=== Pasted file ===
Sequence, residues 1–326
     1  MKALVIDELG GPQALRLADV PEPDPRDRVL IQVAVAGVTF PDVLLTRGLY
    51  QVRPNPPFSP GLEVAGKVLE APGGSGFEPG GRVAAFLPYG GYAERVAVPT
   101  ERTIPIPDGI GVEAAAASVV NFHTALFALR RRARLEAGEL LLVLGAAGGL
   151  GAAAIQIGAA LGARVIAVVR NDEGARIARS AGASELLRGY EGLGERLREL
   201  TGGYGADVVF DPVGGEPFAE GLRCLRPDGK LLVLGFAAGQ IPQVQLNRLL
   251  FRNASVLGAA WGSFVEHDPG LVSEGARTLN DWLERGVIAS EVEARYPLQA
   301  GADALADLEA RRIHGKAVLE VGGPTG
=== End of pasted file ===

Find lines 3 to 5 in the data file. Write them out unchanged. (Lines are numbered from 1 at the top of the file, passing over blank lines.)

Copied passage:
    51  QVRPNPPFSP GLEVAGKVLE APGGSGFEPG GRVAAFLPYG GYAERVAVPT
   101  ERTIPIPDGI GVEAAAASVV NFHTALFALR RRARLEAGEL LLVLGAAGGL
   151  GAAAIQIGAA LGARVIAVVR NDEGARIARS AGASELLRGY EGLGERLREL